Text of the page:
Wi-fi can be a pain. Interference from other devices — both your own and those of neighbours — and thick walls can mean patchy coverage even within a relatively small space. Powerline adapters and range extenders can be a hassle to set up, deliver far from maximum throughput, and — in my experience — have a tendency to go offline on a whim.
All of those drawbacks can be overcome if you move to a wi-fi mesh system like the Linksys Velop.
The idea is that Velop ‘nodes’ sit at appropriate points and act like routers rather than extenders. Linksys promises no degradation in signal strength, easy setup, and easy control via an app from anywhere with an internet connection. That means no more fiddling around with a web browser to make system tweaks.
The Velop AC3900 dual-band tri-pack is a new addition to the tri-band Velop product that was launched last year. It’s less expensive, and so should be more accessible to home users and remote workers. Dual-band (one 2.4GHz and one 5GHz band) support means speeds are slower than with the tri-band version (which uses two 5GHz bands), but that compromise might well suit many users. As I write, these are the price variants available at Amazon UK:
|Velop variant||Typical coverage||Price (inc. VAT)|
|Dual-band two-pack||2/3-bedroom home||£149.99|
|Tri-band two-pack||2/3-bedroom home||£199.99|
|Dual-band three-pack*||4-bedroom home||£219.99|
|Tri-band three-pack||4/5-bedroom home||£374.99|
To determine the spots with poor wi-fi coverage, it might be a good idea to use one of the many free wi-fi analyser apps for your handset. Armed with this knowledge you can work out whether you need a two-pack or a three-pack of Velop nodes.
The whole setup process is designed to be user friendly and non-technical. A printed setup guide takes you through plugging in the first node, and after which an app takes over, walking you through the process. Apps are available for iOS and Android.
The first node is plugged into the mains and connected to your modem via the provided Ethernet cable, whereupon your existing router is discarded. If your router and modem are in one box, its wi-fi can be disabled once setup is completed.
SEE: IT pro’s guide to the evolution and impact of 5G technology (free PDF)
Changes in the colour of the blinking light on the top of the node, from blue to purple, let you know it when it’s time to move along the setup process. At the appropriate juncture, the printed manual asks you to download the app — which requires the creation of yet another login and password, of course. The printed guide is now set aside, and the app takes over. The first part of its process works over Bluetooth, then it switches over to wi-fi. There’s no hassle with this — it just happens.
My first node took about five minutes to set up, and each subsequent node is configured entirely through the app. With each node, you plug it into the mains and wait while it goes through its preparation phases, with buttons to press in the app as device lights change from blue to purple. The second node took a further five minutes to set up, but the third got stuck along the way. Fortunately there’s a reset button on the base, and having been instructed by the app to press that, I ran the setup process again and it was fine. That one took about ten minutes.
I then had the joy of administering a firmware update, which meant a somewhat longer wait than setting the three nodes up in the first place. In fact, I left it for a while, wondering if the whole thing was going to fall over. It didn’t, and in a shade over 30 minutes I had a fully working wi-fi mesh network.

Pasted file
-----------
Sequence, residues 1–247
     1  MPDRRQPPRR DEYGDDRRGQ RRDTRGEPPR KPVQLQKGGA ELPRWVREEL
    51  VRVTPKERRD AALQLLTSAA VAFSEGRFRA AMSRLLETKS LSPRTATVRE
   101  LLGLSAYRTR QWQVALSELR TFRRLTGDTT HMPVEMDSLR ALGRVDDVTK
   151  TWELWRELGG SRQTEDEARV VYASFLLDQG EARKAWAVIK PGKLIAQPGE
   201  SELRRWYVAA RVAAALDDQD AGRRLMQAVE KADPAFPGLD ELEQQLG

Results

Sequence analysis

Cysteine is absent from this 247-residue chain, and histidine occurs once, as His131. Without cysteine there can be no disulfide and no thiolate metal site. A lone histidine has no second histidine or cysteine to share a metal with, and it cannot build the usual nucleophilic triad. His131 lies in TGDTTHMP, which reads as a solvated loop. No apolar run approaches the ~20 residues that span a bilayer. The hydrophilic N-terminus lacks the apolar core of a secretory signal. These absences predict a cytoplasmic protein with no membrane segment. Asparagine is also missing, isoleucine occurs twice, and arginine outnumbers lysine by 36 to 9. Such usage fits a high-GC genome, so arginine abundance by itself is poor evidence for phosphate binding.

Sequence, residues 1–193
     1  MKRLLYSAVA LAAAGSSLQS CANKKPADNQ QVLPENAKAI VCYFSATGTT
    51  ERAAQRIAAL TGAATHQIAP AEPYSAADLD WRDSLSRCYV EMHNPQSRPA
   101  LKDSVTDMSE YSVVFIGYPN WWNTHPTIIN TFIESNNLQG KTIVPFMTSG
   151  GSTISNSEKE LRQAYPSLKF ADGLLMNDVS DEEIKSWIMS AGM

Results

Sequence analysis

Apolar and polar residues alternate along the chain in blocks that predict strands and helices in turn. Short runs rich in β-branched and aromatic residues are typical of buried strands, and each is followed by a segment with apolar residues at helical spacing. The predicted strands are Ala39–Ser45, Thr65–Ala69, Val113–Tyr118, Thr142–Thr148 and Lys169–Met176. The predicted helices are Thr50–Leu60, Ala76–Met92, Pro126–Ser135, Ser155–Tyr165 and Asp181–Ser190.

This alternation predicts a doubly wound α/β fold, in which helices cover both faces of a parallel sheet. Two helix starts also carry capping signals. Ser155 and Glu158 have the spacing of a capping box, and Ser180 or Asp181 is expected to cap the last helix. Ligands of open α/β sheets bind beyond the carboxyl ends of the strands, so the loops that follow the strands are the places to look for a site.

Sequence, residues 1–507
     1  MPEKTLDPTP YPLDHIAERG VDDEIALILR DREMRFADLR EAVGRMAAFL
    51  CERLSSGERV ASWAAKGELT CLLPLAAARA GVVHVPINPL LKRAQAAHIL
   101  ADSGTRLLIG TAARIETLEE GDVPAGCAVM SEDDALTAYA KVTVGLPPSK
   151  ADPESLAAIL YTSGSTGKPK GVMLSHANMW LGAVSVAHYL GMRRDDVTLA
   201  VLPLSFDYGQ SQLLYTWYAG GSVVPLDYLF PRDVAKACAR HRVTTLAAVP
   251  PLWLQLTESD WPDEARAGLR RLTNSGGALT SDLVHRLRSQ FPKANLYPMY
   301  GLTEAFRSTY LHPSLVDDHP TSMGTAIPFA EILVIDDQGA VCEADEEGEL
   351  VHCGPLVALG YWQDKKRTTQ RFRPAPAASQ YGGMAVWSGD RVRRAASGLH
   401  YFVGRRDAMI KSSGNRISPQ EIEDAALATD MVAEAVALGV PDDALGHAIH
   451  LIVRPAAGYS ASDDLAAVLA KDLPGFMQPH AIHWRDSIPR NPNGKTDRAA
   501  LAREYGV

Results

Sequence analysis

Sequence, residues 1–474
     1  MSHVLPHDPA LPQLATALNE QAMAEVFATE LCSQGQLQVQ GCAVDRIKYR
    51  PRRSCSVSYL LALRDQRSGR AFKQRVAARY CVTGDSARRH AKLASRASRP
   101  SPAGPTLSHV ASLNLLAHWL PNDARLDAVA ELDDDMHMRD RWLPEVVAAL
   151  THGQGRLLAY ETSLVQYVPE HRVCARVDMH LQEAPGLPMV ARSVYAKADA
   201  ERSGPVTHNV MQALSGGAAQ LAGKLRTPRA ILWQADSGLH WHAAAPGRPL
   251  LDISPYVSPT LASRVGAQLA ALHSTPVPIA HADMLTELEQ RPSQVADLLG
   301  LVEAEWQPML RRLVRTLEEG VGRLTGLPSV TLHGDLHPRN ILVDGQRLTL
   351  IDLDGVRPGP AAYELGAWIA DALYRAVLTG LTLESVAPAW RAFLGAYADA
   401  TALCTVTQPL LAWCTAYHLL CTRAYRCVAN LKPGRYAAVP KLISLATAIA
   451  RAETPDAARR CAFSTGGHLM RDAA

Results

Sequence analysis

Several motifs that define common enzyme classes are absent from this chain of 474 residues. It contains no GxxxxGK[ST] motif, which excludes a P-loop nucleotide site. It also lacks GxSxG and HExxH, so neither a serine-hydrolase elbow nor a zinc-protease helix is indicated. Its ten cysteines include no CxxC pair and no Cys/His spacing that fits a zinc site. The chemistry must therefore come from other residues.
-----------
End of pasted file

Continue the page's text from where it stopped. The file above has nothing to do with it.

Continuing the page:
The nodes themselves are reasonably well designed as these things go. White rectangular blocks, the dual-band nodes I tested are 141mm tall and 79mm square (the tri-band nodes are a little larger). The status light is on the top, so it doesn’t glare at you too much if the node is on a shelf. Each node has two gigabit Ethernet ports for wired connections. On the main node one of these is always in use, providing a wired connection to your modem. More Ethernet ports would be appreciated.
Once setup is complete you can go into the app and do more sophisticated things like configure up to three priority devices that will get the lion’s share of bandwidth, and create scheduled offline times for particular devices (handy if you want to keep tabs on the kids’ iPad time, for example). You can also set up a guest network.
Everything is done through the app — there’s no web interface. Some will not be bothered about this, but others, used to web-based access to their modem/router setup, might find it limiting. More problematic is that the app can ‘see’ devices connected to the Velop network, but anything that’s wired directly to your primary router/modem, such as a printer for example, is invisible.
What about performance and reliability? Well, with two home offices in my house, both needing equally strong internet connections, a connected TV and the desire to have decent internet across the whole house, I’d struggled in the past with extenders. My kitchen has a very flaky, intermittent connection, for example. With a Velop node in exactly the same spot where I’d had an extender, the kitchen signal is superb.
Signal strength? I’m on a pretty slow broadband connection, so earth-shattering speeds aren’t to be expected. Using the Which? Broadband Speed Test I got a download speed of 13.8Mbps right by the first node attached to my router. The second home office got the same, while my kitchen I got a very acceptable 13.2Mbps.
I’ve been using Velop for nearly three weeks at the time of writing, and it has provided the same quality and strength of coverage throughout that time. My next challenge is to test the tri-band system, and see if that delivers an uplift that’s worthy of its higher price.
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